"Some real estate investments are riskier than others, especially in an economic downturn. Class A multifamily developers, for example, are likely to lose their tenant base in a recession. So, what can developers do to forecast what the world will look like at the end of a build cycle and make decisions accordingly? And what can we ALL learn from this approach that will help us prosper through multiple market cycles?
Scott Choppin is the Founder of Urban Pacific, a real estate development company out of Long Beach, California. With 35-plus years of experience in the business, Scott has led the development of nearly 1,700 units throughout the Western United States. He is also responsible for a recent innovation known as Urban Town House, a middle-income, multigenerational housing product that serves urban families in California. Scott’s work has been featured in Forbes, The Los Angeles Times and Builder Magazine, among many other media publications.
On this episode of Apartment Building Investing, Scott joins me to explain how he got his start working for a large development firm, describing the wide range of skills and knowledge he picked up before striking out on his own. He discusses how he leveraged joint venture partnerships in the early days of Urban Pacific, what the company is doing to mitigate risk in a recession, and why he is optimistic about the current circumstances. Listen in for Scott’s insight on transitioning from a W-2 to real estate development and find out what YOU can do to survive and thrive in an economic downturn."
George Grombacher: Come on. Welcome to Money Savage REI, and welcome our guests. The strong and powerful Scott Choppin. Scott, welcome.
Scott Choppin: Hey George. Great to be here. [Inaudible 00:19].
George: It's good to have you on. Yeah. Scott is the founder and CEO of the Urban Pacific Group. They're real estate development veterans, helping investors achieve superior, recession-resistant, long-term results. Getting excited to have you on, Scott. Tell us a little bit about your personal life, some more about your work, and why you do what you do.
Scott: Yeah, I appreciate that. So basically, I have a family background in real estate development. I've spent the entirety of my career doing real estate development even differentiated from investing in real estate. Although we do invest in our own projects, we're really exclusively a developer and I've spent now close to 35 years basically, honing my skills in this space. Family background, I'm married to my wife, Becky. She and I have been together and married for 27 years.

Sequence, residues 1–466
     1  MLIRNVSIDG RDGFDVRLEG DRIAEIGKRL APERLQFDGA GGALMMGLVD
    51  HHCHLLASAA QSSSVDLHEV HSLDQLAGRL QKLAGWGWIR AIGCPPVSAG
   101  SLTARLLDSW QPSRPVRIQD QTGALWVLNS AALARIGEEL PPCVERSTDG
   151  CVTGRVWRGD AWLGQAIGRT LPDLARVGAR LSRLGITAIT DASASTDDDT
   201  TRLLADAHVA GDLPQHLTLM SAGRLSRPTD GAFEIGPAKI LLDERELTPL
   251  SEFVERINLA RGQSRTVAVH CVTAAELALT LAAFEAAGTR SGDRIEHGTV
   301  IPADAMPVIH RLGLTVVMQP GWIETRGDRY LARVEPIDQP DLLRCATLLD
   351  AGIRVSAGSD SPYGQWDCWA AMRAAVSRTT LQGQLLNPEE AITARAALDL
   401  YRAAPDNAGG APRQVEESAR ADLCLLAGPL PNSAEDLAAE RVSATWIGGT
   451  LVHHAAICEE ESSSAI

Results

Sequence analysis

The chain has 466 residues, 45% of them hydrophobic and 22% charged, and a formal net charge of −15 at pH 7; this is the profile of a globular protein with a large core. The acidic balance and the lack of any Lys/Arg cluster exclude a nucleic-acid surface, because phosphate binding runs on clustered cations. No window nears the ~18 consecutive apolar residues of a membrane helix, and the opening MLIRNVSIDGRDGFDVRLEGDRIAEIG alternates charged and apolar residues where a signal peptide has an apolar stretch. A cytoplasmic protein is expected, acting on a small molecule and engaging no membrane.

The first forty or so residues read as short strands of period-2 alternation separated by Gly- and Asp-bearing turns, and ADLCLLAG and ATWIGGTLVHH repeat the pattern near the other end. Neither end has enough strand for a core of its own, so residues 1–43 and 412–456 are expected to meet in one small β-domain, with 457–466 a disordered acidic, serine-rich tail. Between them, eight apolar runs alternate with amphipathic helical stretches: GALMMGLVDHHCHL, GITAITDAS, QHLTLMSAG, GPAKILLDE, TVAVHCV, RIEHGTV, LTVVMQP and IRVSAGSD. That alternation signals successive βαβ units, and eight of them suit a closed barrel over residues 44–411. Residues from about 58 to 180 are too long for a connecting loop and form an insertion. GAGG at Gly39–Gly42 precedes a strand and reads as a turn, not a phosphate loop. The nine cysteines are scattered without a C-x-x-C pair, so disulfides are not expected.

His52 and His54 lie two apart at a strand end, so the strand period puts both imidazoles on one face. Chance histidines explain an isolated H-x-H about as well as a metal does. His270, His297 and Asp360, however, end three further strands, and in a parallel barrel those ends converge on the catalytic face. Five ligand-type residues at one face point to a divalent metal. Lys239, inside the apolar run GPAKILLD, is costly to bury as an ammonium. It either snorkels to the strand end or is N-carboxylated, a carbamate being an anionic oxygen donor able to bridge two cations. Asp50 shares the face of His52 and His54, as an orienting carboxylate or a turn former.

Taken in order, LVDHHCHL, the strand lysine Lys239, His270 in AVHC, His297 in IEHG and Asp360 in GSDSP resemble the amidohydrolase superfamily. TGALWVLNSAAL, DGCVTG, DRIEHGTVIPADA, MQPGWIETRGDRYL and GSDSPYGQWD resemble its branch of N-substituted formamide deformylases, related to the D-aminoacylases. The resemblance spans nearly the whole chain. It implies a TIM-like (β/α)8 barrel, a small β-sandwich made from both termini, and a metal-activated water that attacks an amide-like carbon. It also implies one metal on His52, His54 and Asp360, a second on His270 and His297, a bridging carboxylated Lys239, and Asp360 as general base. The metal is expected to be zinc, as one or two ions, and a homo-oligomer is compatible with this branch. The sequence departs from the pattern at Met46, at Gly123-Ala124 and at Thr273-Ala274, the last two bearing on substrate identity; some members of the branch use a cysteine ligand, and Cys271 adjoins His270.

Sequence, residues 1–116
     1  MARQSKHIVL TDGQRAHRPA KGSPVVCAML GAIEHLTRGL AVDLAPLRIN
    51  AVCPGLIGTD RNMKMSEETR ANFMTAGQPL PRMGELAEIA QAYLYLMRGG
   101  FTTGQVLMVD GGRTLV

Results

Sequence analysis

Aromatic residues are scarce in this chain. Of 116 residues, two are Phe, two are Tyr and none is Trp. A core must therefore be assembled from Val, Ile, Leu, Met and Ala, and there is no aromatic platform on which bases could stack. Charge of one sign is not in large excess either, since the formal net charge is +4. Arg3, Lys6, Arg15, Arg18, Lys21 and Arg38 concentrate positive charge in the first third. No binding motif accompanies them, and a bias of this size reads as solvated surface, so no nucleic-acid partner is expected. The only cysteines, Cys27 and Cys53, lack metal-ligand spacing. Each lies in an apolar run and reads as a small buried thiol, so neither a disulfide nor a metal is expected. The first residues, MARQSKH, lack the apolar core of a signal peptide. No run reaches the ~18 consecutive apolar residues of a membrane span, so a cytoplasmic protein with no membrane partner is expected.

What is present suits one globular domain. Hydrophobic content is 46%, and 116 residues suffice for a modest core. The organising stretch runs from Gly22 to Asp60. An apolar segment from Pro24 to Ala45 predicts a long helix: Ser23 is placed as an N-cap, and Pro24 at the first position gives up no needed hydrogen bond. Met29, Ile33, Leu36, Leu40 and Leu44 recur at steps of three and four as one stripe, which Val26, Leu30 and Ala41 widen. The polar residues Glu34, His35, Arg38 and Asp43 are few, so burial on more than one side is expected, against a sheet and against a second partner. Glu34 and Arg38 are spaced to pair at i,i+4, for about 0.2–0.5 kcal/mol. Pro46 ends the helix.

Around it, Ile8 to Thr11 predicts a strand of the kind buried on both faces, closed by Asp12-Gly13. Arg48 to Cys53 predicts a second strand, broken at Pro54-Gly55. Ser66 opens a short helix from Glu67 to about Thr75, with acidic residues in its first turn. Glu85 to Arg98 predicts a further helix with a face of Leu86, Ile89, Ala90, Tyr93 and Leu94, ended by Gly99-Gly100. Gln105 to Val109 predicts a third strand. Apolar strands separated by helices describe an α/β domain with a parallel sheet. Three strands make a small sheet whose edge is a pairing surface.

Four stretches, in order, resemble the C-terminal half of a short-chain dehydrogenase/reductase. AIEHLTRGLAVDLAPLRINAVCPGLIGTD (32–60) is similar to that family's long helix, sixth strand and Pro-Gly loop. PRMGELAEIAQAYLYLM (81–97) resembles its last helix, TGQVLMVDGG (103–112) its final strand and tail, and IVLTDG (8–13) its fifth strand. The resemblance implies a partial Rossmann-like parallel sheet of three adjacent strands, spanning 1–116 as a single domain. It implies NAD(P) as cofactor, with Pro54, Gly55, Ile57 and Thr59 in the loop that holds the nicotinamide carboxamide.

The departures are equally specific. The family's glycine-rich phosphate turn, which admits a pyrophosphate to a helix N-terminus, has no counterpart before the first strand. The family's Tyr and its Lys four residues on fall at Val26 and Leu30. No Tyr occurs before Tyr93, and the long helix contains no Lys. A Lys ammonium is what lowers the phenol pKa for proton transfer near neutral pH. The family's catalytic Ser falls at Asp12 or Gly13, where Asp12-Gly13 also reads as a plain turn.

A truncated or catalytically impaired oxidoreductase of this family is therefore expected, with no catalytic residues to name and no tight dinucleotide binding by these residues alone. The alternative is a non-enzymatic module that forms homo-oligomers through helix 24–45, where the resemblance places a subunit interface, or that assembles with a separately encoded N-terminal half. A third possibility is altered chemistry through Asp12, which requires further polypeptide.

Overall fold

Scott: Three kids, 19, 17, and 13. So oldest is in college at USC and then my younger son is in high school and my daughter, our youngest she's in junior high school. My family is what is my existential purpose. Like, why do I do what I do? Of course, I'm like anybody, I want to build an identity in the marketplace to be successful and productive, and profitable in business operations. But every day that I go to work, that I do what I do, it's really to take care of my family, both now, in the immediate, present but also in the long-term future. I think it took me many years to really know that. Like, have it be something I thought about consciously. I mean, I was always oriented towards family, but it finally dawned on me probably eight or 10 years ago. I go, oh, like, this is really why I do it. I mean there's a certain amount of ego I suppose and wanting to be successful in what you do and what you undertake, but all that goes out the window, when you go really what the decision-making, the metric is I need to take care of others and business while I take care of my family. So that's sort of my background.
George: Nice. I appreciate that. So, 35 years in the real estate industry in development, has it all been in a certain region?
Scott: You know, so 35 years when...I have a family background, George, where basically my uncle Mike, my dad, Kerry were both real estate developers in their own right. So I basically started at 16 years old, I'd get up or mornings before I went to high school and I'd drive to my dad's apartment projects, in particular, I'd pick up trash. You know, super sexy, right?
Scott: Probably if you'd asked me at the time, I would've told you, I hated every minute of it. And I probably was terrible, probably awful trash or...
George: Or bad trash picker-upper.
Scott: But it informed me over several major milestones, decision-making, time periods in my younger years. I got out of high school didn't necessarily have a specific intention to go to college, or even necessarily my career was, which sounds silly because I come from a family of very successful people, but being 18 sort of does that to you.
Scott: So I worked for a couple of years in the construction trades and learned a lot about how apart, like all the work I did was on new construction apartment buildings which came from helping my dad gave to find that job. And that taught me several things about what I didn't want to do. I didn't want to be in construction. Good people and we still do a lot of that work. We work with people who are in the trades and construction industry but wasn't going to be what I want to do exclusively. And then at about that age of 18 or 19, I read several books that really sort of brought home for me, finally, what my uncle and my dad did relative to deal-making, right. Like I understood sort of the background of development. I saw what they did. Like, hey, you build buildings. You find land. You rent out offices or apartments.